LONDON (Reuters) - The British government plans to significantly reduce immigration from outside the European Union, Prime Minister David Cameron said on Wednesday, teeing up a confrontation with business groups who fret their supply of skilled workers will be cut.
Cameron is under pressure on the issue after promising but failing to cut net migration to the “tens of thousands” and immigration was one of voters’ top concerns ahead of last month’s national election, which saw him re-elected.
Net migration to Britain was 318,000 in 2014, the highest since 2005, official figures showed last month.
Cameron has already set out plans to discourage EU migration as part of his efforts to renegotiate Britain’s ties with Brussels ahead of a membership referendum. But the EU’s freedom of movement rules mean he has limited room for manoeuvre, while he has a free hand when it comes to non-EU migration.
“In the past it has been frankly too easy for some businesses to bring in workers from overseas ... We need to do more to change that,” Cameron told parliament on Wednesday.
“The home secretary (interior minister) has written to the Migration Advisory Committee asking them to report back on how to significantly reduce work-related migration from outside Europe.”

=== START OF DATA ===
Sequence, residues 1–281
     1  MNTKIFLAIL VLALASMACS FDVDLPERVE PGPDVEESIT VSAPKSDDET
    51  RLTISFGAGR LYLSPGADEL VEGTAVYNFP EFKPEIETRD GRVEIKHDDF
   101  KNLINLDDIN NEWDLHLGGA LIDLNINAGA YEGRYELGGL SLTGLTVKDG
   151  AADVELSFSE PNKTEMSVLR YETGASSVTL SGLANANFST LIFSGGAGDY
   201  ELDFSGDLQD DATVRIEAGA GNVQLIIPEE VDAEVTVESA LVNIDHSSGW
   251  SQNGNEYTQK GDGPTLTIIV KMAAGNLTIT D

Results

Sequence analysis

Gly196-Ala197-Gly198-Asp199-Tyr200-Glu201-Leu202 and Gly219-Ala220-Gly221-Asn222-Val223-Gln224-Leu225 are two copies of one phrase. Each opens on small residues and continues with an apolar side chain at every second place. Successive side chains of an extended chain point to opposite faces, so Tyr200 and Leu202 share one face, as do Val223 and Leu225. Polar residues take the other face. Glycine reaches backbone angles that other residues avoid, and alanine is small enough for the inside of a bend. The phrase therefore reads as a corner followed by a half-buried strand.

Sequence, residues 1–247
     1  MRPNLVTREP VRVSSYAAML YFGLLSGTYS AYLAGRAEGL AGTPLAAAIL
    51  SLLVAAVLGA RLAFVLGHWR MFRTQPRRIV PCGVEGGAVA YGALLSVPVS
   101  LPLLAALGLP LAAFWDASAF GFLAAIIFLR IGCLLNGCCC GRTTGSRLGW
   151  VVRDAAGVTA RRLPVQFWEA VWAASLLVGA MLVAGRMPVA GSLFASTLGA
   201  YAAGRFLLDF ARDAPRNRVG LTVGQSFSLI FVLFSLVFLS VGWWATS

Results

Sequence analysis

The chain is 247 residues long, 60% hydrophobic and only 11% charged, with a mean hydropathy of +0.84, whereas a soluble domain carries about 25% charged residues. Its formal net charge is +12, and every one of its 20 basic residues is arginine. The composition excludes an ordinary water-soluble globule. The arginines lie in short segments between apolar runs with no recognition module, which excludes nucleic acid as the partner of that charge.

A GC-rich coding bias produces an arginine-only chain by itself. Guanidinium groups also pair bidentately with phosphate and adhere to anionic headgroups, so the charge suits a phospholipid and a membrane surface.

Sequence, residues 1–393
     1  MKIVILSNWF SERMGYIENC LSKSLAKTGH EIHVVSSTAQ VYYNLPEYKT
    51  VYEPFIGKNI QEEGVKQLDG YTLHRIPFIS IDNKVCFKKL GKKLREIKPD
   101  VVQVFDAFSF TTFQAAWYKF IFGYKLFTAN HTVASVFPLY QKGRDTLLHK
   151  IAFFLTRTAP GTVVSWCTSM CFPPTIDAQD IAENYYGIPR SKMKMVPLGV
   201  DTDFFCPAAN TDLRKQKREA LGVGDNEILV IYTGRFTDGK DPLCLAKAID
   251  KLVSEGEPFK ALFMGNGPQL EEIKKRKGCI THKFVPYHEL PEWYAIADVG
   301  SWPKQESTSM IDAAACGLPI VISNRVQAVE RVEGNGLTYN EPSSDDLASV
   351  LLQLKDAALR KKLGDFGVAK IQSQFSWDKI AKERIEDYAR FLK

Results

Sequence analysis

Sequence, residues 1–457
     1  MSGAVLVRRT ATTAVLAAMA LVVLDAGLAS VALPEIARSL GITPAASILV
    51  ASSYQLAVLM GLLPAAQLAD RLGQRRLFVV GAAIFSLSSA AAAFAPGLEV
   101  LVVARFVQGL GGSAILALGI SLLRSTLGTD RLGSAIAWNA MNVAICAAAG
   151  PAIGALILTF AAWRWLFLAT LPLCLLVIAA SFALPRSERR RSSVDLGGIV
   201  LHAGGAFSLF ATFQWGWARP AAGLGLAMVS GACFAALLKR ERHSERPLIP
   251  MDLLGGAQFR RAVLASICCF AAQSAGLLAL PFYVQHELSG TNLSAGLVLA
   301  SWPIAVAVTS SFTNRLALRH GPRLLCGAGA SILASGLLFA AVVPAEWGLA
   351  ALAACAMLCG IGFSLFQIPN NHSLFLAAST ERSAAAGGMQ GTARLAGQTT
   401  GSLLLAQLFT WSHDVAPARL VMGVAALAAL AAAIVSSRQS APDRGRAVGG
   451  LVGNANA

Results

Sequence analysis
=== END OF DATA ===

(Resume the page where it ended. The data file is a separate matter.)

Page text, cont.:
Cameron said proposals included restricting work visas to only highly specialist workers and areas with a “genuine” skill shortage and limiting the length of time a sector can claim to have a skills shortage.
The government is also looking at introducing a levy on businesses who recruit foreign workers, which would be used to boost training of British workers, as well as raising the salary thresholds for skilled worker visas to prevent businesses using foreign workers to undercut wages.
Business lobby group the Institute for Directors (IoD) criticised the steps as a “tax on employing people from abroad”, saying the economy relied heavily on drawing on international skills.
“It could appear misguided to risk harming the economy today in the hope of seeing results a decade down the line,” IoD Director General Simon Walker said in a statement.
Reporting by Kylie MacLellan; Editing by Andrew Osborn